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Neighbors appeal zoning decision on proposed Doylestown hotel


Several neighbors who challenged the proposed development of a “boutique hotel” and event space on West Court Street in Doylestown Borough recently appealed the zoning board’s partial approval of the controversial project.

Mike Carr, a Doylestown attorney representing Leslie Richards and her husband, Matthias Ritzman, all of whom live on Harvey Avenue just a block from the proposed development, said they recently met with the developer and his attorney to discuss “alternative designs.”

However, despite the meeting, Carr said no agreement to reduce the scope of the project was reached.

“We don’t mind a hotel. We’d like it not to be an event space,” Carr noted, adding, “We want to keep talking.”

Kellie McGowan, the attorney representing the project’s developer, Larry Thomson, was not immediately available for comment.

“If we didn’t appeal, we would have no input,” going forward, said Carr. Richards and Ritzman hired Carr in cooperation with several other neighbors.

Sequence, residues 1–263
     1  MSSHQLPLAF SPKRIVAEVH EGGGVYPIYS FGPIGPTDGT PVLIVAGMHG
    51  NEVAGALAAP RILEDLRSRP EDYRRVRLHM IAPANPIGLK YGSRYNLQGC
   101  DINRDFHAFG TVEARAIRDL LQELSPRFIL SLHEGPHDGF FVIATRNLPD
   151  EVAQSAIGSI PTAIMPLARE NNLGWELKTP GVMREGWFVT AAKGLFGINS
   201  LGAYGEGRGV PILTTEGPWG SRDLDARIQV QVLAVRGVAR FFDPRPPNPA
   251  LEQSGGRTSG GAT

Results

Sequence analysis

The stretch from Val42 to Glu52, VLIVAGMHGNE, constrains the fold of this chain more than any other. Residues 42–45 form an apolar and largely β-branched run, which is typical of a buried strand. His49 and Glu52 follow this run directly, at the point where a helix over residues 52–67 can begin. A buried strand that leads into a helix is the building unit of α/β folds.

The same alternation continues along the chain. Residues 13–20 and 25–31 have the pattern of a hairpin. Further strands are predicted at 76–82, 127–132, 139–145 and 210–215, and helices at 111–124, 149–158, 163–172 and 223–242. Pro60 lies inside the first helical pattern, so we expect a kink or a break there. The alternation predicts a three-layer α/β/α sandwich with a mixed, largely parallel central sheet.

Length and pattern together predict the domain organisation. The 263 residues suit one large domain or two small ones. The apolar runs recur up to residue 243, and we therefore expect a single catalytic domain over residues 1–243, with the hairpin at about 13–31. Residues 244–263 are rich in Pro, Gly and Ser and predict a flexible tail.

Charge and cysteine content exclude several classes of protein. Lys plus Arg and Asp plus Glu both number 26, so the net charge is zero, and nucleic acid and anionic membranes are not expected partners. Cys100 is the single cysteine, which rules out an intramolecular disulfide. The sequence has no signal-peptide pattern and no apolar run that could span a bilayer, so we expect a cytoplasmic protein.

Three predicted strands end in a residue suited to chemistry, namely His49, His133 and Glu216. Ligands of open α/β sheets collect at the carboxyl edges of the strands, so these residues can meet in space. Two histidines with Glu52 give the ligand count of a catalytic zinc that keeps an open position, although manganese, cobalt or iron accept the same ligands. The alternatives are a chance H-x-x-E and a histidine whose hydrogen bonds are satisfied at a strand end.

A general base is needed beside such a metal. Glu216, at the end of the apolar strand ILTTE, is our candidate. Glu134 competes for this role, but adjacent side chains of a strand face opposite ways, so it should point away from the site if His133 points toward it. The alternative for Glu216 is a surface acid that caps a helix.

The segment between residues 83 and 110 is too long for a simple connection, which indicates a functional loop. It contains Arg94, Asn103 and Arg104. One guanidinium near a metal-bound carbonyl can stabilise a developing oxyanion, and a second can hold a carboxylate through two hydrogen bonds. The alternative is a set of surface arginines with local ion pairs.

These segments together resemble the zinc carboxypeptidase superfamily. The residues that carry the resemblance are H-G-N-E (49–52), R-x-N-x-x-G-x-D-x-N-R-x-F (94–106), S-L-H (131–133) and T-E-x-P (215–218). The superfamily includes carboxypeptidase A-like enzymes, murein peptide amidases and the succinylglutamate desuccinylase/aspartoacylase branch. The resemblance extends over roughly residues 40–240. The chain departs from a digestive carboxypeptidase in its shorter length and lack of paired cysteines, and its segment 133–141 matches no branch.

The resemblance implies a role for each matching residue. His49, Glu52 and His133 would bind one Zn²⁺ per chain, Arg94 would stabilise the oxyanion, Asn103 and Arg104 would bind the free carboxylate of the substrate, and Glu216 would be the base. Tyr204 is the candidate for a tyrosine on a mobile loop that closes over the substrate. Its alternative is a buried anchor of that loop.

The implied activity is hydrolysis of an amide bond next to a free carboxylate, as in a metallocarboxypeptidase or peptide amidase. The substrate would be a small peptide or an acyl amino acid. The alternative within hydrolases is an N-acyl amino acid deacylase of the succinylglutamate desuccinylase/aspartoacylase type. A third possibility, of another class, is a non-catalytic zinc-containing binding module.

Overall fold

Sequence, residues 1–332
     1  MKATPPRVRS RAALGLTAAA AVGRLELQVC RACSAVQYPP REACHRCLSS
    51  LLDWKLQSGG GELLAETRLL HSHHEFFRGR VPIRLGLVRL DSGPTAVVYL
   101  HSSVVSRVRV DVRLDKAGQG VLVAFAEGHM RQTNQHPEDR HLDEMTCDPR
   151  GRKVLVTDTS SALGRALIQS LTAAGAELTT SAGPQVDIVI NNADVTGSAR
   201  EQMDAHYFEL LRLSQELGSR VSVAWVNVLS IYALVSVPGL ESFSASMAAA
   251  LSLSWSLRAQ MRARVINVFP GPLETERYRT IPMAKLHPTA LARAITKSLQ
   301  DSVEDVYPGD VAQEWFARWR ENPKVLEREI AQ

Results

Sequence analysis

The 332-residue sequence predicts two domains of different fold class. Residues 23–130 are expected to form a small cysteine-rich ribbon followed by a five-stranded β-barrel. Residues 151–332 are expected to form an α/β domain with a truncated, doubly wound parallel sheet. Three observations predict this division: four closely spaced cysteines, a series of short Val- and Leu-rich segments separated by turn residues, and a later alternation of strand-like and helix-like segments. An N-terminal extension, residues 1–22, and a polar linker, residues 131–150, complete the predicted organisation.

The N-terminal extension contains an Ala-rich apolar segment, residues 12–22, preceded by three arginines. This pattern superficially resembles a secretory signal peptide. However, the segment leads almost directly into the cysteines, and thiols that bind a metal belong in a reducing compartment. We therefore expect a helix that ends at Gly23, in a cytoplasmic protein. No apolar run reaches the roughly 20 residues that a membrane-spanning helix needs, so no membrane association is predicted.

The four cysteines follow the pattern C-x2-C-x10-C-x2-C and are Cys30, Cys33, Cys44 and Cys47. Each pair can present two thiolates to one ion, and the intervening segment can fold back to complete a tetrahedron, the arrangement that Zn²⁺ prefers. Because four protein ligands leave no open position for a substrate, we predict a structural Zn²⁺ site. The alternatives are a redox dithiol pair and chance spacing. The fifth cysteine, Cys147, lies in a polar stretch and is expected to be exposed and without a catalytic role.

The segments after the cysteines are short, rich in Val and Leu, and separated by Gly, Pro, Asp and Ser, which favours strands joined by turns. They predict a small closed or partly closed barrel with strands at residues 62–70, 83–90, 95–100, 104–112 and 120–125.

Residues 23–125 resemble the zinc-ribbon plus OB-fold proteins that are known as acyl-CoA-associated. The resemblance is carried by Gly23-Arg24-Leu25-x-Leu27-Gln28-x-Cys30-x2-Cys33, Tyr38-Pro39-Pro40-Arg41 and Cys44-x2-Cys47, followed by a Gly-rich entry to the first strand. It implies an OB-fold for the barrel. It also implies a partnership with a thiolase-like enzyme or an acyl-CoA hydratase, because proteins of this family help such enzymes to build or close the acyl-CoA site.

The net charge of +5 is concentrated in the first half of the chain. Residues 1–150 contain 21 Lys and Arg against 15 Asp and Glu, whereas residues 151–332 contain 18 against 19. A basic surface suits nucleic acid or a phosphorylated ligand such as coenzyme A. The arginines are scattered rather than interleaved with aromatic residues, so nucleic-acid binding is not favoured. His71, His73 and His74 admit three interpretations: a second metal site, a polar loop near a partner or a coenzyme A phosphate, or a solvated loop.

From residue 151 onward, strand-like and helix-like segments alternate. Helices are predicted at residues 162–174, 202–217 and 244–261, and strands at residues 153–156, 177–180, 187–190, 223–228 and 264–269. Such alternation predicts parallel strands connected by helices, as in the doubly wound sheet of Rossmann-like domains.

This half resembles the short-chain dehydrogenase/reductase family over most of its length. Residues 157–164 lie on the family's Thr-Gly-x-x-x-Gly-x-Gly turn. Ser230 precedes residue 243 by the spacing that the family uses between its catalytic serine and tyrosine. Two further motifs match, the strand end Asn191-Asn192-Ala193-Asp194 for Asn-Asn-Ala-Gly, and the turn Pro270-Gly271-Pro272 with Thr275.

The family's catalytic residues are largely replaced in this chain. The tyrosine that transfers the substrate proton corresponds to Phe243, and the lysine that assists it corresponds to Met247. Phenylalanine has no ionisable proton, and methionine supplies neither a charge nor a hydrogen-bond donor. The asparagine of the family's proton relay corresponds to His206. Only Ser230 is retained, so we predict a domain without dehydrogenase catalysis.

After several contentious hearings, the zoning board voted unanimously last month to allow Thomson to exceed current zoning in the central commercial district and build a fourth floor on the hotel. The board rejected his application for a parking variance that would have allowed him to provide 61 spaces, rather than the required 72.

As approved, the hotel would have 32 guest rooms, a 70-seat restaurant and a 120-person event space. Plans include eight rooms with balconies.

It’s unclear how Thomson intends to accommodate the required parking while maintaining the same size of the hotel and event venue.

Thomson pointed out that he can build a 52,000-square-foot building on the 39,000-square-foot-lot without any zoning variances, according to Carr. That’s based on a provision allowing floor area to exceed lot size by a certain amount and assuming a three-story building.

The current hotel plan is 41,000-square-feet.

“It’s in limbo right now,” said Carr. A judge could hear the appeal within the next several weeks or months.

“We would urge the judge to consider there was no basis for granting the height variance,” Carr said. “He bought it knowing what the rules were.”

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